Continental Literature

Full year course, offered every other year (not offered in 2011-2012)
Open to 10, 11, 12
Range of difficulty 1-3

1. Rationale

The history of Western society and literature has been shaped by the European experience. We feel that it is important for American students to read literature from that tradition. Many literary and philosophical movements that continue to influence our lives came out of Europe in the 19th and 20th centuries, and this course attempts to make students aware of some of these ideas in a cultural context.

2. Topics and Themes Emphasized

Students are asked to consider works of literature and to raise questions about them in relation to their experience and their world. Works are chosen to provoke such inter-cultural questioning and to illuminate, on an introductory level, some of the literary and philosophical movements of the 19th and 20th centuries such as Romanticism, Realism, Symbolism, Naturalism, Dadaism, Surrealism, and Existentialism. There are also developments in psychoanalysis that have affected literature and culture that may be discussed.

3. Methods and Sample Assignments

Most classes are centered on discussion and rely on students’ participation and interpretive ability. There is an occasional background or enrichment lecture. Students sometimes make presentations based on individual or group work. Some examples of questions that are discussed are as follows: What is Goethe’s world view? How is Zola’s Naturalist theory relfected in Germinal? Is Nora’s view of the law more sophisticated than Torvald’s? Writing assignments include a wide variety of topics from creative (Try your hand at writing some poems in imitation of Symbolist style.) to formal (Analyze Faust as a Romantic work.)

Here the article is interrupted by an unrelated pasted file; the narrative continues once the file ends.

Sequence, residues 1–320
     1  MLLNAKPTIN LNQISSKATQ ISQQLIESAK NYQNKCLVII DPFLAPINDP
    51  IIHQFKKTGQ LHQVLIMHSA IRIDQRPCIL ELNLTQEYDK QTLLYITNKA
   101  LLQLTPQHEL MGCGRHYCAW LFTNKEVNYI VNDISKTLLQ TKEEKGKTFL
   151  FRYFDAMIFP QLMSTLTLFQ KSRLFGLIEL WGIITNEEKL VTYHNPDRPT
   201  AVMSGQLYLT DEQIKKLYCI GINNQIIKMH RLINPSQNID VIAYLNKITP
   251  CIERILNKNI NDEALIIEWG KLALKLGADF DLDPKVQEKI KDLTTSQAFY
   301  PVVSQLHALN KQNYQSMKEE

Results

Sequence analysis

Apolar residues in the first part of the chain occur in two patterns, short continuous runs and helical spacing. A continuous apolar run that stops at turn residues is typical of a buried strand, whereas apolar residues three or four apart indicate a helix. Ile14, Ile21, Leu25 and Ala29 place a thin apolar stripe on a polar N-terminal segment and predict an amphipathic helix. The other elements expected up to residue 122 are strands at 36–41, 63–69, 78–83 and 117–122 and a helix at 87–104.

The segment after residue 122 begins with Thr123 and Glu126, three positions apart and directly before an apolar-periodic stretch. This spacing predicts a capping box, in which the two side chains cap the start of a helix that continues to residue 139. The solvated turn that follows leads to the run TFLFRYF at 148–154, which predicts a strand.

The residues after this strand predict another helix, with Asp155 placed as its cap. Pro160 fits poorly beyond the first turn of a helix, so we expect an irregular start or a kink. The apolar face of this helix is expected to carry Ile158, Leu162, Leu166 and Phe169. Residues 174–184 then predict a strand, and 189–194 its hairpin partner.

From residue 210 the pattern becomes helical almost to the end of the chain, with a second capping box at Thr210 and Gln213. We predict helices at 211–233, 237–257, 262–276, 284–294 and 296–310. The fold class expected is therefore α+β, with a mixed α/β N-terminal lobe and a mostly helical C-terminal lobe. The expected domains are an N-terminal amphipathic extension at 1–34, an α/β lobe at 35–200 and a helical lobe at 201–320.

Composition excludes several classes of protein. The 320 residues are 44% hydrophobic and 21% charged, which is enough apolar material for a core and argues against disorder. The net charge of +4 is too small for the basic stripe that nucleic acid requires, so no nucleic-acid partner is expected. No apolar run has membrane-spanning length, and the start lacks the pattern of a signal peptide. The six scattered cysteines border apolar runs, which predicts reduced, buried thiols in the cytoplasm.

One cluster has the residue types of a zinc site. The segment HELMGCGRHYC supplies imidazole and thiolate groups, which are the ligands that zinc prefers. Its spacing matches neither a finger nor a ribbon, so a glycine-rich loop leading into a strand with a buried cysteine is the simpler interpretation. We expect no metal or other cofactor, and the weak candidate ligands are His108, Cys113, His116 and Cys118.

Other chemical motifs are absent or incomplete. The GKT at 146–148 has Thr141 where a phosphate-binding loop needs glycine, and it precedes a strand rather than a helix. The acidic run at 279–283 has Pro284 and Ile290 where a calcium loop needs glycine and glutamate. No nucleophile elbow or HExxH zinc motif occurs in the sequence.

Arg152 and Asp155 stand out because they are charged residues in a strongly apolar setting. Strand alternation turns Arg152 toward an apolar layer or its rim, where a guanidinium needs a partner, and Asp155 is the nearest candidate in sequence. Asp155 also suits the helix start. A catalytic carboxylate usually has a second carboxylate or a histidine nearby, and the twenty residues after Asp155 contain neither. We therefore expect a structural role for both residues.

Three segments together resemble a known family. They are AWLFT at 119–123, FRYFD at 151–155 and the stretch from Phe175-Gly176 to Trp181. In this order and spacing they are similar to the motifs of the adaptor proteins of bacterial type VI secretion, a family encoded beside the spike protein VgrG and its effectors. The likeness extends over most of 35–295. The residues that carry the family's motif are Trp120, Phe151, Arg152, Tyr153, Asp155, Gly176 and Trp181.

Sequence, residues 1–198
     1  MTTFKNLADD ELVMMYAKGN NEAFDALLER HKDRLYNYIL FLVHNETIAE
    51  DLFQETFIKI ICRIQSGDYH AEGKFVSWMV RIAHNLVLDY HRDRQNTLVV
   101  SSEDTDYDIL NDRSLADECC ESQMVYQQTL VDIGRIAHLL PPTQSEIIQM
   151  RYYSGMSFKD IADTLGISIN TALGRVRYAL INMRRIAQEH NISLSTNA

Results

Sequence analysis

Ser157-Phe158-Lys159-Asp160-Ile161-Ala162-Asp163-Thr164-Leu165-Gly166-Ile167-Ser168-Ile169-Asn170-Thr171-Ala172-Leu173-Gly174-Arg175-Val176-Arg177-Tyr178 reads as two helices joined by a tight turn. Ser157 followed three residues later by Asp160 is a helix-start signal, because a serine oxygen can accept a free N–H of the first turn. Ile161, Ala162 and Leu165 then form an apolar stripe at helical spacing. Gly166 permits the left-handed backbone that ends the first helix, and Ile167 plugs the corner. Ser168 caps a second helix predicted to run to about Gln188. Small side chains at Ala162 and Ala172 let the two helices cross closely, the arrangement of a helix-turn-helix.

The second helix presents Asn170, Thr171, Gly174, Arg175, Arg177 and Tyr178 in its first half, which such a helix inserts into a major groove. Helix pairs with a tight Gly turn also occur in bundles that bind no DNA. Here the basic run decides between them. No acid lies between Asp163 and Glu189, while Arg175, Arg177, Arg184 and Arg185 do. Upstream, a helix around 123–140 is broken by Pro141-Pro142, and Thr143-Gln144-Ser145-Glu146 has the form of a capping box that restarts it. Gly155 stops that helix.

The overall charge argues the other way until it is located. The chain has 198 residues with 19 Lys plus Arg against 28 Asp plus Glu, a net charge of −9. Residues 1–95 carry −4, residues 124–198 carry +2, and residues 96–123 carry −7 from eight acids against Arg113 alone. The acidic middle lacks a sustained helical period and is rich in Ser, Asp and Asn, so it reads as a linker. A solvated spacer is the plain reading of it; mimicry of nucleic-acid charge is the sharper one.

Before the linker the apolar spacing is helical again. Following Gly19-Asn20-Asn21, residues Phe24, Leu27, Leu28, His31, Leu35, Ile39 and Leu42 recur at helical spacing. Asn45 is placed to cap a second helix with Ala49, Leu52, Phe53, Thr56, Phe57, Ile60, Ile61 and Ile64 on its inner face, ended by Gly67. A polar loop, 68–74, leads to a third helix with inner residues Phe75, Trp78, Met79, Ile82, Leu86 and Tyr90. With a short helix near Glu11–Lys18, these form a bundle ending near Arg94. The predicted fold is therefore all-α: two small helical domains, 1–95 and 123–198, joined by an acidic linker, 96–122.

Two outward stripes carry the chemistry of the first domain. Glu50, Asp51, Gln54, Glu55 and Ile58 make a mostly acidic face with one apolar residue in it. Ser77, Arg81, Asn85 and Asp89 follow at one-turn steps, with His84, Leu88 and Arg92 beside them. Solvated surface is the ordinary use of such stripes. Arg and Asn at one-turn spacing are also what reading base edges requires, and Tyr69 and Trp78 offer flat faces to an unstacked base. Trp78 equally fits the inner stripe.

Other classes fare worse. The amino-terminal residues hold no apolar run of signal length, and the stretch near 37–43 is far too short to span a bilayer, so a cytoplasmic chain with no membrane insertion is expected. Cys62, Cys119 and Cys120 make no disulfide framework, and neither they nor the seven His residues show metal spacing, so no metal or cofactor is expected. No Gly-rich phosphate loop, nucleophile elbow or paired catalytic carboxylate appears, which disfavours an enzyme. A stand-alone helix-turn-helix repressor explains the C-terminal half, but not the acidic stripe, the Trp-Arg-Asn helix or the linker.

4. Expectations for Students

Students should expect to read roughly twenty pages per night, although this will vary depending on the form of the work we are reading. Students will write a minimum of three papers per semester. Some of these papers will be in-class essay tests. There are frequent reading quizzes. Students will be assigned a longterm research project, due at the end of the year.

5. Reading List and Other Materials

Works will be chosen from the following:

Faust, Part I, Goethe
Madame Bovary, Flaubert
Eugenie Grandet, Balzac
Doll’s House, Ibsen
Miss Julie, Strindberg
stories, Balzac
Marianne, Sand
Notes from Underground, Dostoievsky
Germinal, Zola
A Confession, Tolstoy
poems–Baudelaire, Rimbaud, Verlaine
poems — Garcia Lorca, Machado
poems–Rilke
The Trial, Kafka
Nausea, Sartre
The Plague, Camus
When Things of the Spirit Come First, DeBeauvoir
Blood of Others, DeBeauvoir
Waiting for Godot, Beckett
Zorba the Greek, Kazanzakis
Four Novels, Duras

Films: Impromptu, Mephisto, The Trial, Danton, Vengo

6. Bibliography

This is only a representative bibliography. See the L.S. library collection of European history and fiction.

Citizens: A Chronicle of the French Revolution, Schama
The Social History of Art, Hauser
Realism and Tradition in Art 1848-1900, Nochlin
Zola: A Life, Brown
The Nightmare of Reason, Pawel
God and the State, Bakunin

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